Background Information

As you begin working with your topic and visiting your site, it may help to read through some background information. Online encyclopedias are easy to access and provide brief, succint articles. They provide an introduction to the topic and also help familiarize you with the syntax of the field.

Expand the titles to view sample entries.

 Online Encyclopedias

  Encyclopedia of Group Processes and Intergroup Relations

  Encyclopedia of Communication Theory

  Encyclopedia of Communication and Information

  Handbook of Crisis Communication

Finding Books

Books are a good source for general information because they tend to take a broad view of the topic at hand. Scholarly journal articles are narrowly focused on one area of a topic.

For example, begin with this search of "Communication in Organizations" in the Library Catalog. Add your own search terms or click the links on the right to narrow the search to better fit your topic.

If you find a promising book, review the table of contents and index to determine its relevance to your own research. Then begin by reading the chapters you think will be most valuable.

Finding Articles

Articles from scholarly and trade journals are a reliable source of information. They normally focus on a single narrow topic. Use journal articles to back up claims and arguments you make in your own paper. Find articles by searching relevant article databases.

For more information on different types of journals (scholarly, trade, and popular), see the Tell If It's a Scholarly Journal guide. For this project, you may find that trade or popular journals have interesting anecdotal information for your projects, while scholarly journal articles will have research to support the arguments of your paper.

You can find communication articles by searching these databases:

  Communication & Mass Media Complete (EBSCO)

Example Searches

"Work Environment" AND "Communication in Organizations"

"Conflict Management"

"Communication in Organizations" AND "Email"

  Communication Abstracts (EBSCO)

  ComAbstracts (CIOS)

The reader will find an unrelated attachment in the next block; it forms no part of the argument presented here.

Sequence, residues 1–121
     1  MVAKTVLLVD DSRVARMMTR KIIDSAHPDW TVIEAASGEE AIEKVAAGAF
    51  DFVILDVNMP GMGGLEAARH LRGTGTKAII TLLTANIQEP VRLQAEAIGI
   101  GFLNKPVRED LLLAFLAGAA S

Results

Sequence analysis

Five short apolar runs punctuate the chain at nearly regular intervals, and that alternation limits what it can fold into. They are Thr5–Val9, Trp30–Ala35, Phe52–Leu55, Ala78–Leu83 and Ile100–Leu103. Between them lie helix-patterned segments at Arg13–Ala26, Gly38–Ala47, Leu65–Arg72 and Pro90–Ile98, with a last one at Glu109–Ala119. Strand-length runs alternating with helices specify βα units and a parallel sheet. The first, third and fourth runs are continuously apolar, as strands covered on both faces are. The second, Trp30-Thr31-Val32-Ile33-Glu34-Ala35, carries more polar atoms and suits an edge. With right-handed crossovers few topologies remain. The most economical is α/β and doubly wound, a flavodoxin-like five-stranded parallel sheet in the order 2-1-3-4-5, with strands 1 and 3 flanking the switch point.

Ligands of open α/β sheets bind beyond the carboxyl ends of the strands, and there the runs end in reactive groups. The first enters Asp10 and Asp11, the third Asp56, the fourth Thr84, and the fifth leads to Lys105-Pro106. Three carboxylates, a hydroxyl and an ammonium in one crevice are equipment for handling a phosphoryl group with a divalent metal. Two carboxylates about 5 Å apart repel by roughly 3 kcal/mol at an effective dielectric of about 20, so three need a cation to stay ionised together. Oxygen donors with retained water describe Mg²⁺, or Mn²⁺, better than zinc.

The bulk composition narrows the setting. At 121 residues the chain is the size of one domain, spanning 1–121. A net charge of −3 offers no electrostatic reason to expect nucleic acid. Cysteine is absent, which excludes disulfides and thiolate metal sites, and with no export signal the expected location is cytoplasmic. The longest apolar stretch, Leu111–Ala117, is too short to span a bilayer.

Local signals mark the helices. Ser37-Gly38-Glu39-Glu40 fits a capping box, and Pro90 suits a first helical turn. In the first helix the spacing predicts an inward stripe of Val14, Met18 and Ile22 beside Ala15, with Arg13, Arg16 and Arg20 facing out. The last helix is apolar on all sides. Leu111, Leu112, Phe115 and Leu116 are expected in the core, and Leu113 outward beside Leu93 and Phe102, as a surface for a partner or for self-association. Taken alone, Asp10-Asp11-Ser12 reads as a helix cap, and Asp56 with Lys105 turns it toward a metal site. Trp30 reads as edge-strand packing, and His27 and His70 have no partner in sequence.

Citation Chasing - Build on Your Research

Database searching is not the only way to find great scholarly articles for your research project.  Once you have found useful articles, pay attention to the sources those authors use to build their own research.  It is likely that the sources that were important to those authors will also be important to your research.  All scholarly research should include a thorough bibliography or reference list at the end of the article.

Library Materials

There are many ways to find out if Falvey has the full text of an article when you have the article citation. Check out the Finding Full Text guide for more information.

To search Falvey’s book collection, go to the Search Tab.  Use the drop-down menu to search by the title or author of the book you are looking for.

Interlibrary Loan

Articles and books that are not owned by the library can be easily borrowed through our interlibrary loan systemILLiad is best for requesting articles, and EZBorrow is the preferred method for requesting books that are available in that system.

Citing Your Sources in APA Style

Even though you have been using APA style for the past 4 years, you may be full of dread at the thought of writing your reference list.  The library is here to help!

Whether writing your reference list by hand or proofreading a bibliography, you will definitely need to have the APA rules on hand.  Check out the resources below:

  • If you find the Publication Manual confusing or scary (or both), try the APA Online Tutorial.  This video guide is clear and easy to watch.  It gives a thorough overview of how to format your paper and cite your sources.
  • For those trickier scenarios (how do I cite my class notes?  how do I cite a blog post?), try searching the APA Style Blog.  This is another official APA site, so it is an authoritative source.